Keep It Short

Me too

I studied fiction in college, and part of my degree required me to learn a lot of different styles of fiction writing. For the most part, it was all short story writing. But the style I kept going back to, kept taking more and more classes in, was Nano Fiction.

What does this have to do with anything?

Well, for one thing, writing is writing. Despite what form you plan to write in, it’s a good idea to learn at much as you can, to try out as many different styles as you can, to hone your craft. I know my studies in short stories and playwriting have helped me out when I hit blocks in my manuscripts. That knowing different forms and styles has helped me free up my own writing style, and kept me open to the idea of experimenting.

But, specifically, now that I’m dabbling in MG, I’ve noticed how my studies in Nano Fiction are really being put to use. With Nano Fiction, every single word matters. You don’t have the page space for a lot of extraneous description or dialogue. It’s minimalist to the extreme, and still has to get the story/message across. But, even though the form is so small, you can’t dumb it down. Your writing needs to be smart and thought out in order to be successful.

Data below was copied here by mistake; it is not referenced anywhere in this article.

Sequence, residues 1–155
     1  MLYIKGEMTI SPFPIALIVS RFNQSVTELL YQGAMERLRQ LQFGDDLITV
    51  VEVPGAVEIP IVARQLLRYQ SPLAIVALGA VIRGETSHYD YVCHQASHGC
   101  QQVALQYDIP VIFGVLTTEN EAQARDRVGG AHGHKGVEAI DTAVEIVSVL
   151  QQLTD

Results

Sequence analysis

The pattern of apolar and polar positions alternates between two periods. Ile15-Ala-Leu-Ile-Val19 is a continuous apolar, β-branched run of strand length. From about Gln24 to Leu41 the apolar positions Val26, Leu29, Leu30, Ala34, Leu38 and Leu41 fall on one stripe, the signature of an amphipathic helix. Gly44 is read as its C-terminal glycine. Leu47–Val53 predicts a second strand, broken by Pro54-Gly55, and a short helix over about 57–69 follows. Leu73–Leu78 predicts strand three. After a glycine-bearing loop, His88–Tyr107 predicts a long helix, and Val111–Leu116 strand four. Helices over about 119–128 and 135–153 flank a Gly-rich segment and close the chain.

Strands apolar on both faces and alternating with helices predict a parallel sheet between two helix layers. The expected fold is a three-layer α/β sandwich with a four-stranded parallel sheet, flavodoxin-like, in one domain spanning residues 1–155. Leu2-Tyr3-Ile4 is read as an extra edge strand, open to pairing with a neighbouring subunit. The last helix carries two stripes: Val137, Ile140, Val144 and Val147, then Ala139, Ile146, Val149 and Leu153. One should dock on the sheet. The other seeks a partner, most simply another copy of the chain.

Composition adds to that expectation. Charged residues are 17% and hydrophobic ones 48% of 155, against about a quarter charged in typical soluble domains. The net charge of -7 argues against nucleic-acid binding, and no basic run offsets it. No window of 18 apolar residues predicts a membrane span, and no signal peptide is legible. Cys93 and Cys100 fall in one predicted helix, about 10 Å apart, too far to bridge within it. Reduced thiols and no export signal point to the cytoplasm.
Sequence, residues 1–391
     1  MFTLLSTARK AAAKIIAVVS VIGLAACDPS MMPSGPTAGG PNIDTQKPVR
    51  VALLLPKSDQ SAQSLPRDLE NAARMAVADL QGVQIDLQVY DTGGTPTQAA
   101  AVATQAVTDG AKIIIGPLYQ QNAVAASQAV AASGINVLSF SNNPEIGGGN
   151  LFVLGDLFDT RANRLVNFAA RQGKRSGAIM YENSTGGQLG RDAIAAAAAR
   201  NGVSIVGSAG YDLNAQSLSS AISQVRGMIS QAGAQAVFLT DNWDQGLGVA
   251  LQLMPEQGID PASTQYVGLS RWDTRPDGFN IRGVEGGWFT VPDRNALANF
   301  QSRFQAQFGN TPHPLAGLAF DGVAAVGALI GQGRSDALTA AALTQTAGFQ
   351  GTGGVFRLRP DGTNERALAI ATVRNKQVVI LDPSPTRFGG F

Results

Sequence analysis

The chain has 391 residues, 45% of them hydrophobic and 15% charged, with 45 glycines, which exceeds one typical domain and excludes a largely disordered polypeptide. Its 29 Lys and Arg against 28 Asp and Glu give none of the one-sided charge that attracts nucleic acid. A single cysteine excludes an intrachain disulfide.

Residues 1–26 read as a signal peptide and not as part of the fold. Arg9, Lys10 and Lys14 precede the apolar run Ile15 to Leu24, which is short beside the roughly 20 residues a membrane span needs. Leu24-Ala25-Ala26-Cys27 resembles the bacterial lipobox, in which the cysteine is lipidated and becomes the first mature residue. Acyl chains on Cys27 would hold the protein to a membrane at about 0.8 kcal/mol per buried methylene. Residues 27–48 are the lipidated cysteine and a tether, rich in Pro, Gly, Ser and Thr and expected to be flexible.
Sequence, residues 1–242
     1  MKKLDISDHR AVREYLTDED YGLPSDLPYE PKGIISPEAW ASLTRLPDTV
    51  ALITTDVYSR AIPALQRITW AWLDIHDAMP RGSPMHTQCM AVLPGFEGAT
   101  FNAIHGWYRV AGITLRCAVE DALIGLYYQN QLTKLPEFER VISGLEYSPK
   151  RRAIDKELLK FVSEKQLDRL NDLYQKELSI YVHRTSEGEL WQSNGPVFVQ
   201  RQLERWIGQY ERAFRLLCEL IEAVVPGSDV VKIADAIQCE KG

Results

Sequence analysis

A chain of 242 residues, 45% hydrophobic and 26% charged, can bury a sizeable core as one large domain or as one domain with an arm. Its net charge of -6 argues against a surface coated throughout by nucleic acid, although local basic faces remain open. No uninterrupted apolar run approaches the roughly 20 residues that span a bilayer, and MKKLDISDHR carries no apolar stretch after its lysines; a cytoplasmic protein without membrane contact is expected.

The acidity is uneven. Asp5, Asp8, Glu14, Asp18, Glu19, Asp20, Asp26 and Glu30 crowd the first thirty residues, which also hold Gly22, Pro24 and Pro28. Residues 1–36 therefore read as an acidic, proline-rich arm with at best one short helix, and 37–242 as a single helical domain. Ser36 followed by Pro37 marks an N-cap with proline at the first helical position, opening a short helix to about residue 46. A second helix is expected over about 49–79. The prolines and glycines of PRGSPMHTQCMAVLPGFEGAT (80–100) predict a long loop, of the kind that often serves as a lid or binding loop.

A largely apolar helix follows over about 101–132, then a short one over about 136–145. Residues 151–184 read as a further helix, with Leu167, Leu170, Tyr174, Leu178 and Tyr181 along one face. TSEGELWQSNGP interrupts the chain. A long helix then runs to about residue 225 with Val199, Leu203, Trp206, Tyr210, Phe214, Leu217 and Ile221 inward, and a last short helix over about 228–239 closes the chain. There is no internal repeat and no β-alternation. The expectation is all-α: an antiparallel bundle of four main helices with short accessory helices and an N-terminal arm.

It’s the same with MG.

You never want to dumb down the story for the reader, but still, you want it to be accessible in a short, to-the-point form. It needs to be smart. It needs to be thought out. You don’t have the space to waste on long, flowery descriptions or unnecessary dialogue. It’s hyper focused, but still has to entertain. To transport. The story has to hit fast and keep up a sharp clip. You have to get the major points of each scene across, and still keep your reader wanting more.

It’s a difficult balance. Which is probably why I’m having so much fun.

Spending so many semesters studying Nano Fiction is really paying off. I know how to filter my (mostly rambling) thoughts down to a concentrated sentence. I can keep my words sharp and direct. I can focus descriptions, keep dialogue snappy, keep the plot flowing.

Or, at least, I plan too. It’s too early to tell.

At the very least, this will all come in handy when I start editing.

This is usually my plan of attack

What are your thoughts? Do you have any good writing tricks/tools?

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